Have you ever wondered how your favourite brand of whey protein is made? In this article we provide a crash course explanation of the standard process. It could stand you in good stead in a pub quiz, and may also empower you to make more informed purchase decisions – as some commercial supplements are better than others.

What is Whey Protein?

Whey protein comes from milk, either directly or through the by-products of cheese. Let’s explain. Milk contains two valuable proteins: whey and casein. To make a whey protein supplement, the whey must be isolated from the casein. This happens naturally in the cheese making process, hence the common use of by-products for commercial whey protein supplements. This isn’t always ideal, however, as the risk exists of unwanted additives from the cheese plant ending up in the protein powder…

The whey protein molecule itself is an extremely effective, complete protein that is ideal for sports nutrition.

  • It contains all the nine essential amino acids required for muscular health
  • It has a low lactose content, making it a low-risk supplement for people with a mild or un diagnosed lactose intolerance (people of non-European descent).
  • It has a range of supplementary health benefits apart from muscle growth and better recovery. These include assisted weight loss1 and reduced cholesterol2.

Casein protein powder is also commonly extracted for use in health supplements.

Types Of Whey Protein

Whey protein is commercially available in three main types:

1) Whey Protein Isolate (WPI):

WPI products are made by further refining whey protein molecules isolated through the cheese making process. Microfiltration and heat treatment are used to remove most of the lactose, cholesterol and residual fats. The majority of commercial sports protein drinks use WPI, as the process can achieve up to 90% protein by volume.

2) Whey Protein Concentrate (WPC):

WPC uses a cheap and effective process to achieve a readily usable protein supplement. WPC begins life as a liquid solution left over from cheese making – containing whey protein, casein, dissolved carbohydrates and fats. The protein molecules are extracted, or concentrated from this mixture through a series of ultra-filters. Heat treatment is not normally used, leaving the valuable protein molecules intact. Some carbohydrates and fats remain, making the powder easy to mix into commercial products. WPC is cheap and is a good muscle building supplement for athletes who don’t mind putting on a bit of weight. The protein content itself is lower than that of WPI. Cheap WPC brands contain as little as 30% protein, although this is unusual. Premium products contain 80% protein as standard.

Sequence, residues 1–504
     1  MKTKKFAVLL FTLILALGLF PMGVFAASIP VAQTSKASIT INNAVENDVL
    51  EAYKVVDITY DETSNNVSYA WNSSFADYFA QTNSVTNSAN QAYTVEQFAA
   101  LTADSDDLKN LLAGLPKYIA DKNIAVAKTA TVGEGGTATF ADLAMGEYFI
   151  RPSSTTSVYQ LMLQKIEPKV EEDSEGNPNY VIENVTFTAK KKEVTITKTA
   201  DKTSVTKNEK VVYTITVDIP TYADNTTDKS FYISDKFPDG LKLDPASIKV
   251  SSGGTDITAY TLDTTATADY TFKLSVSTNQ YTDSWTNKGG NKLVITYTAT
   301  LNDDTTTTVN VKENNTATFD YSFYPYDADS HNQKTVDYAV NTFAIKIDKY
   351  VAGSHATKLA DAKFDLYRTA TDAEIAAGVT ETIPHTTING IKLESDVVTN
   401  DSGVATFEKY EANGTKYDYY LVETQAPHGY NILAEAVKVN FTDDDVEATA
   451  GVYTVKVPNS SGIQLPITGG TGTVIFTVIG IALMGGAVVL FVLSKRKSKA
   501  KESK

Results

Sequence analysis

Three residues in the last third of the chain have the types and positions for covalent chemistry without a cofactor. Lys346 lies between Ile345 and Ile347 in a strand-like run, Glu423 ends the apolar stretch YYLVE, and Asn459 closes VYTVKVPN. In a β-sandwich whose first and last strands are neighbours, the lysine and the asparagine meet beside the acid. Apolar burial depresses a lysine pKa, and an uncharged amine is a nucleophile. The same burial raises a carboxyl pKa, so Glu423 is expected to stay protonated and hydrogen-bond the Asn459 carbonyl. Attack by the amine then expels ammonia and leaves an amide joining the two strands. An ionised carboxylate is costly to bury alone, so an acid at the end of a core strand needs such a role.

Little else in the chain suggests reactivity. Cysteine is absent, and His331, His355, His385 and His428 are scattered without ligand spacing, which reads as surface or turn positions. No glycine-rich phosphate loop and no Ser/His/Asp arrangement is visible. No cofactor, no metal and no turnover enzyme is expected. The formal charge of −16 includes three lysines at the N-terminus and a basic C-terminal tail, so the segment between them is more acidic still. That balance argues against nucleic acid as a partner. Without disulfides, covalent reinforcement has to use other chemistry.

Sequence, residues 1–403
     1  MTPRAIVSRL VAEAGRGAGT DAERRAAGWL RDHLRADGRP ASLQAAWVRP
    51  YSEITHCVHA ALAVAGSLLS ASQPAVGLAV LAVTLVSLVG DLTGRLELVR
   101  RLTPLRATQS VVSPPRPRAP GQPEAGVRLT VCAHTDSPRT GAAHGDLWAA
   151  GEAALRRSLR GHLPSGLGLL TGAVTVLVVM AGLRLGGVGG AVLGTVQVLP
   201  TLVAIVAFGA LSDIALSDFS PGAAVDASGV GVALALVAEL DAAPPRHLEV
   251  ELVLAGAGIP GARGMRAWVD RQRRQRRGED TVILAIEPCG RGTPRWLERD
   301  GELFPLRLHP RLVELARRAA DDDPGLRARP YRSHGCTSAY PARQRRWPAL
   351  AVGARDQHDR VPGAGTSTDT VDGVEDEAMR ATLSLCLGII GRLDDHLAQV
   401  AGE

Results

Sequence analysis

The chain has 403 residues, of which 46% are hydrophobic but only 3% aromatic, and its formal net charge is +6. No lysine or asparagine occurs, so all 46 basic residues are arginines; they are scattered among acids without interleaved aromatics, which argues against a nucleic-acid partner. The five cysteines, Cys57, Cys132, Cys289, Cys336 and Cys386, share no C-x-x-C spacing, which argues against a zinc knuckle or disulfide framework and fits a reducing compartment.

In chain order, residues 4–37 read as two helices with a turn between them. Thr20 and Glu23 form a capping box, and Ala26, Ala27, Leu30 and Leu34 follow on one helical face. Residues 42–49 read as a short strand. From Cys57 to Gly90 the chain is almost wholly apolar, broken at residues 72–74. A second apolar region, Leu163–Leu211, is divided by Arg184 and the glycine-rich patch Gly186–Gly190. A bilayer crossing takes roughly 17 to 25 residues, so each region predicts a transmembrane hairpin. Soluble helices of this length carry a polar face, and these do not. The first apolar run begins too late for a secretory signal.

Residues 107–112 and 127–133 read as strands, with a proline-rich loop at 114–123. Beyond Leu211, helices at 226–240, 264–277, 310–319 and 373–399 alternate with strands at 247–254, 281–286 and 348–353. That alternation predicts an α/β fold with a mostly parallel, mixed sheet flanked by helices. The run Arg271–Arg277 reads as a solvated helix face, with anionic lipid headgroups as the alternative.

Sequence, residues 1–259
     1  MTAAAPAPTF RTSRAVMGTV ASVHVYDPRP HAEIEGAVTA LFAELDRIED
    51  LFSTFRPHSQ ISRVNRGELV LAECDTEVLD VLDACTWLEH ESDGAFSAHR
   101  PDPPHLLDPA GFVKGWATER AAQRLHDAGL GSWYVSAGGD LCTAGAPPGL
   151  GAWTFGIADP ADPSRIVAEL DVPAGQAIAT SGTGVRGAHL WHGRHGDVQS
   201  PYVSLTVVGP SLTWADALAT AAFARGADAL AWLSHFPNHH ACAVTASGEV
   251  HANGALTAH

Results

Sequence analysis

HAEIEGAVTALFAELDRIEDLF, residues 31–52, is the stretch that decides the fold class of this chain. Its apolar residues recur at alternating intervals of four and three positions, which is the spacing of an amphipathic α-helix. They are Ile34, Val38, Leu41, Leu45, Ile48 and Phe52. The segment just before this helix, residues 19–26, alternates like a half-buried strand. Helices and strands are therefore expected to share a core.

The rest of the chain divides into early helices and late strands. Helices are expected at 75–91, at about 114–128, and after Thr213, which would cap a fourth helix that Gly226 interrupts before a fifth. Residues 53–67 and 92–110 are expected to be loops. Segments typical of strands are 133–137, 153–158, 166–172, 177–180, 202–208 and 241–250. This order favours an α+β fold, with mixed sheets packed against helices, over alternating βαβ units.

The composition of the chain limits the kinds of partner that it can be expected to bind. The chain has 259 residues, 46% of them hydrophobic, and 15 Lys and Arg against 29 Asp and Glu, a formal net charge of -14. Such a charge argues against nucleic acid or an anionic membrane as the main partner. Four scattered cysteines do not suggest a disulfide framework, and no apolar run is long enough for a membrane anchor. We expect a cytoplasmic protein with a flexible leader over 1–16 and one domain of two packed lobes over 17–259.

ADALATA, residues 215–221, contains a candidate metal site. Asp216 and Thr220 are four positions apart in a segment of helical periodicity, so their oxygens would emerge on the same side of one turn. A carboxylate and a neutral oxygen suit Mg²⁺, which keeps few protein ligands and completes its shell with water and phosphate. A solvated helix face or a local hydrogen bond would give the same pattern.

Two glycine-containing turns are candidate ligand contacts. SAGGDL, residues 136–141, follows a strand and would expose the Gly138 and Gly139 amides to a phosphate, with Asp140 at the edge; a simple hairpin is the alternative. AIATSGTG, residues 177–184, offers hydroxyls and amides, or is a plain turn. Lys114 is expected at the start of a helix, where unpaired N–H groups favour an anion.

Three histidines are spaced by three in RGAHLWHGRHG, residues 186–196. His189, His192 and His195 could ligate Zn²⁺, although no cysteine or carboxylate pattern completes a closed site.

Whey Protein Hydrolysate (WPH):

WPH uses Whey Protein Isolate and adds additional enzymes to partially digest the protein molecules before concentrating it into powdered form. This makes the protein more bioavailable to people with digestive problems and allergies. WPH isn’t commonly used in sports nutrition powders but it can be found in some fast acting sports drinks. Most commercially produced WPH is used in baby food and medical protein products.

The Manufacturing Process

The journey from cow to gym is achieved in 8 steps. For a WPI supplement these are summarised below:

  • Milk is collected, refrigerated to 4°C and taken to a cheese making plant.
  • Pasteurisation heats the milk to 73°C, followed by re-cooling.
  • Enzymes are added to the milk and heat is applied to make cheese. This is an interesting process in itself but is beyond the scope of this article.
  • Liquid by-products are drained away from the cheese: a solution containing whey, casein, carbs and suspended fats. This fluid is taken to a whey manufacturing plant, which is often part of the same cheese making facility.
  • Ultrafiltration separates the whey protein from the solution, making Whey Protein Concentrate.
  • Cross current microfiltration is used to transform the WPC into whey protein isolate.
  • Heat treatment – usually spray drying – drives off any remaining moisture and forms WPI or WPC powder. (WPC products exclude the additional microfiltration stage.)
  • The protein powder is blended with flavours, colours and additional additives, such as sweeteners, added vitamins etc., before being measured and packaged in containers.

The Native Whey

If you want to improve your recovery rate and optimise your sports performance, then it pays to research the best quality whey protein supplement. We believe we have found a winning formula in The Native Whey, which can be purchased from our online store by clicking here. The Native Whey is an affordable, high purity supplement that can make a real difference to your fitness when used in conjunction with a healthy balanced diet. The difference comes from the way the supplement is made. For a start, the whey protein comes directly from milk, rather than cheese. This reduces the volume of unwanted hormones and antibodies that find their way to the protein powder. Microfiltration is used to separate the whey protein molecules directly from casein and other milk products, followed by low-temperature drying that preserves many of the delicate digestive enzymes that would otherwise be broken down.

Find out more in our new guide: The Native Whey Protein: Why You Deserve Better From Your Whey Protein Supplements. Claim a free copy today by visiting our Health Hub.